Sunday, May 18, 2008

“Never too late to keep asking”

Sometimes, after praying about something for a long time, and seeing no evident change in the situation, one is tempted to give up. “What’s the use of praying? Nothing ever changes.” That’s why I found this post by John Piper at the Desiring God blog so encouraging. Perhaps you may find it encouraging, also.

“Victory through Defeat”

“The experiences of men who walked with God in olden times agree to teach that the Lord cannot fully bless a man until He has first conquered him. The degree of blessing enjoyed by any man will correspond exactly with the completeness of God’s victory over him.”

“Only the conquered can know true blessedness. This is sound philosophy, based upon life, and necessary by the constitution of things. We need not accept this truth blindly; the reasons are discoverable, among them being these: We are created beings, and as such are derived, not self-existent. Not to us has it been given to have life in ourselves. For life we are wholly and continually dependent upon God, the Source and Fountain of life. Only by full dependence upon Him are the hidden potentialities of our natures realized. Apart from this we are but half-men, malformed and unbeautiful members of a noble race once made to wear the image of its Creator.”

A.W. Tozer (1897-1963), from The Divine Conquest [now titled, God’s Pursuit of Man] chapter IV, “Victory through Defeat”, pp.53, 54 & 55.

Thursday, May 15, 2008

Encouragement to pursue God

My reading has been severely curtailed since beginning a new job last summer. One thing I’m looking forward to, with the coming of Summer Break next month, is getting back on track with my reading. Right now, I’m still plugging away at Arnold Dallimore’s biography of George Whitefield. Generally, I read that when I go to the barbershop or when I’m waiting for my sons while they have their weekly piano lessons. I’m halfway through the second volume of the Whitefield biography, and hope to finish by August.

However, for the past couple of weeks, as I’ve had opportunity, I’ve also been reading Lyle Dorsett’s A Passion for God: The Spiritual Journey of A.W. Tozer. When I first heard that a new biography of A.W. Tozer was coming out, I knew I wanted to get it and read it. I’m almost finished with it. Dorsett’s biography of Tozer has sort of reawakened my interest in him. I’m reminded that, years before I ever read anything by John Piper or heard of The Banner of Truth Trust, my heart was captivated and stirred by the writings of Aiden Wilson Tozer (1897-1963), Christian and Missionary Alliance pastor, “twentieth century prophet” and evangelical “mystic”.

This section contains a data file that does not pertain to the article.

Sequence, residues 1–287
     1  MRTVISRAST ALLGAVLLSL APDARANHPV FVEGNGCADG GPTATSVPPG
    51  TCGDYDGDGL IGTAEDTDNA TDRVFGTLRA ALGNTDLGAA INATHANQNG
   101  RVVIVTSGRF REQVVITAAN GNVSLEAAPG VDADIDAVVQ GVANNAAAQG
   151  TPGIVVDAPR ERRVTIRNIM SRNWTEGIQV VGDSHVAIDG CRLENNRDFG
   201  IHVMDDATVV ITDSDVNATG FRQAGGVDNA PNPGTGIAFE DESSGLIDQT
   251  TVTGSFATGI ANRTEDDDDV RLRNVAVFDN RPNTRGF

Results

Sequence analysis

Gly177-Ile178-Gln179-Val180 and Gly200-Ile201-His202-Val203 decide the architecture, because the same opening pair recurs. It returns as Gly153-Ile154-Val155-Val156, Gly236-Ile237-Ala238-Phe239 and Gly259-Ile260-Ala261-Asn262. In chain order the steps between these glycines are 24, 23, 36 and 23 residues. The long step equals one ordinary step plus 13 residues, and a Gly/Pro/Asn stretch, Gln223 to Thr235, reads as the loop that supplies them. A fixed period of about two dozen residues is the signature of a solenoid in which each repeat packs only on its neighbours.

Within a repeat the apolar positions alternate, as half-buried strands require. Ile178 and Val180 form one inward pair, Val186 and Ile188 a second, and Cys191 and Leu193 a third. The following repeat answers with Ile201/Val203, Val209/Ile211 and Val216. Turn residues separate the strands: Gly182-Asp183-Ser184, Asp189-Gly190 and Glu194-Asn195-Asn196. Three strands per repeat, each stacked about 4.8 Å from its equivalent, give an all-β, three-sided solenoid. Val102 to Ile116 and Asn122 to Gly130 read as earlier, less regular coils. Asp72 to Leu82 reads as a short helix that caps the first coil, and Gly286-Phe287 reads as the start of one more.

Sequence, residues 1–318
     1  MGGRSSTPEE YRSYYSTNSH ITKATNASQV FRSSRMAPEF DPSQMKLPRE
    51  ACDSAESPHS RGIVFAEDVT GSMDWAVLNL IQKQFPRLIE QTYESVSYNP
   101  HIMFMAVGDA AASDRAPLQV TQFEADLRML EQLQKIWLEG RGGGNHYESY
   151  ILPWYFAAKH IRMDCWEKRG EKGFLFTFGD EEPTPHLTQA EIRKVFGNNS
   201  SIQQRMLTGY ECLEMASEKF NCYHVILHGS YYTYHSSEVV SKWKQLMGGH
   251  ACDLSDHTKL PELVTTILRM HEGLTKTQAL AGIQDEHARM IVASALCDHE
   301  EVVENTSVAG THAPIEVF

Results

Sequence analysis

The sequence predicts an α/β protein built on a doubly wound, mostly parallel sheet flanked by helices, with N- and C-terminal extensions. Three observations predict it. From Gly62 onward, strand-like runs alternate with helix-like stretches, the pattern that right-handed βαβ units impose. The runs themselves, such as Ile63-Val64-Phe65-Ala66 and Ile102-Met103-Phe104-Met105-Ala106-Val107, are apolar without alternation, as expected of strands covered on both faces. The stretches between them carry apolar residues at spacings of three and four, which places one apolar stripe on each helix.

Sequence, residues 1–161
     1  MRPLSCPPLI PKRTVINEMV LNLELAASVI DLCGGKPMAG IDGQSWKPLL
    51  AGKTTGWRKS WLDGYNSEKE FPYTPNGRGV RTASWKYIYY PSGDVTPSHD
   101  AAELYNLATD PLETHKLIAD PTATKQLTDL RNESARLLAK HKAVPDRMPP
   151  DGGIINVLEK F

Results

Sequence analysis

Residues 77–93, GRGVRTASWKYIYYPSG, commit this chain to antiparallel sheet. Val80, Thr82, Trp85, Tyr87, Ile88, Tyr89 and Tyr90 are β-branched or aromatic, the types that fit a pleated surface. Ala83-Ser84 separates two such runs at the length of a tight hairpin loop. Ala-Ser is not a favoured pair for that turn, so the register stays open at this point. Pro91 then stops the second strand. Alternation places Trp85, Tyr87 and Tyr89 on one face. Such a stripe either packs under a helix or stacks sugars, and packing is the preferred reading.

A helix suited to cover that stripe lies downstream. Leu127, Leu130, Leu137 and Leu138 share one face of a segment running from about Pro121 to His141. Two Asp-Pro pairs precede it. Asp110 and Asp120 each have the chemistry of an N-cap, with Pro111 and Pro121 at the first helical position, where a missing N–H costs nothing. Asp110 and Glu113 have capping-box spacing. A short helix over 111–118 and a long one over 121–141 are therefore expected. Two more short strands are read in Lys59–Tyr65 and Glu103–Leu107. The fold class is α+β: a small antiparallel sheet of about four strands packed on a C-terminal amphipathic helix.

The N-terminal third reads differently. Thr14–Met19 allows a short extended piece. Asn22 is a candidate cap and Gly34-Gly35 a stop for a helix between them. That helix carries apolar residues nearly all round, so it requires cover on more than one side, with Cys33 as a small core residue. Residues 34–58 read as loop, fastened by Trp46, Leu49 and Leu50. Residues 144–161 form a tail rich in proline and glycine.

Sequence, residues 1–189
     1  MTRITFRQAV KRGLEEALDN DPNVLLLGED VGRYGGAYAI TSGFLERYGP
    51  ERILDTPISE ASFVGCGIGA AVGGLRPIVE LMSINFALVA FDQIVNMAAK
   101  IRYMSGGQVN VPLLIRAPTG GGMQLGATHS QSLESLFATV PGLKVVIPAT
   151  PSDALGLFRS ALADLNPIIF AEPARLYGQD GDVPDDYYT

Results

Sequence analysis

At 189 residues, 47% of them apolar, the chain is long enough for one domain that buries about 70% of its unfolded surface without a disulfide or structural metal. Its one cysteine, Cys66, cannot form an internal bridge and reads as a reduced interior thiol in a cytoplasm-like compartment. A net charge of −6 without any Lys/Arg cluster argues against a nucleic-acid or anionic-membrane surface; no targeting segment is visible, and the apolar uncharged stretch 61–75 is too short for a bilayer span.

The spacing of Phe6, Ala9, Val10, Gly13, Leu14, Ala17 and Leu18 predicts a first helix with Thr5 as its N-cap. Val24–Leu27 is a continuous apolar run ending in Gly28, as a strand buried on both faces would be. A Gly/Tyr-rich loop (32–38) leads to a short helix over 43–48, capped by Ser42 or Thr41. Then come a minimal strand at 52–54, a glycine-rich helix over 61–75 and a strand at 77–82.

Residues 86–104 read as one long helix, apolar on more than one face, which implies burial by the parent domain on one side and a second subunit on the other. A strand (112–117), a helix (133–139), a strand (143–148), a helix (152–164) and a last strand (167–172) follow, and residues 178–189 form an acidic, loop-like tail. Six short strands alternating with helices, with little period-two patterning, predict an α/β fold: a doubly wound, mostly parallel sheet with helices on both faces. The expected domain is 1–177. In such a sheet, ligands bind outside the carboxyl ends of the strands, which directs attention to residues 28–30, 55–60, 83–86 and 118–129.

The writings of men like Tozer greatly influenced me when I first entered the ordained ministry. What captivated me most about Tozer the man was the apparent depth and intimacy of his relationship with God. Reading about Tozer these past couple of weeks, I am again struck by the depth and intensity of this man’s life of prayer and devotion. I think present-day evangelicals are far more enamored with anything that comes out of Willow Creek or Saddleback than they are the writings of A.W. Tozer—and that’s to our shame. I think Tozer knew something that we would do well to learn and grasp: the depth of our relationship with God and effectiveness for God is in direct proportion to the depth of our praying.

The Scriptures reveal a vital connection between the word of God, the Spirit of God and prayer:

“If you love me, you will keep my commandments. And I will ask the Father, and he will give you another Helper, to be with you forever, even the Spirit of truth, whom the world cannot receive, because it neither sees him nor knows him. You know him, for he dwells with you and will be in you.”

“Whoever has my commandments and keeps them, he it is who loves me. And he who loves me will be loved by my Father, and I will love him and manifest myself to him. If anyone loves me, he will keep my word, and my Father will love him, and we will come to him and make our home with him. Whoever does not love me does not keep my words. And the word that you hear is not mine but the Father’s who sent me.”

“Abide in me, and I in you. As the branch cannot bear fruit by itself, unless it abides in the vine, neither can you, unless you abide in me. I am the vine; you are the branches. Whoever abides in me and I in him, he it is that bears much fruit, for apart from me you can do nothing. If you abide in me, and my words abide in you, ask whatever you wish, and it will be done for you. By this my Father is glorified, that you bear much fruit and so prove to be my disciples. As the Father has loved me, so have I loved you. Abide in my love. If you keep my commandments, you will abide in my love, just as I have kept my Father’s commandments and abide in his love” (John 14:15-17, 21, 23-24; 15:4-5, 7-10).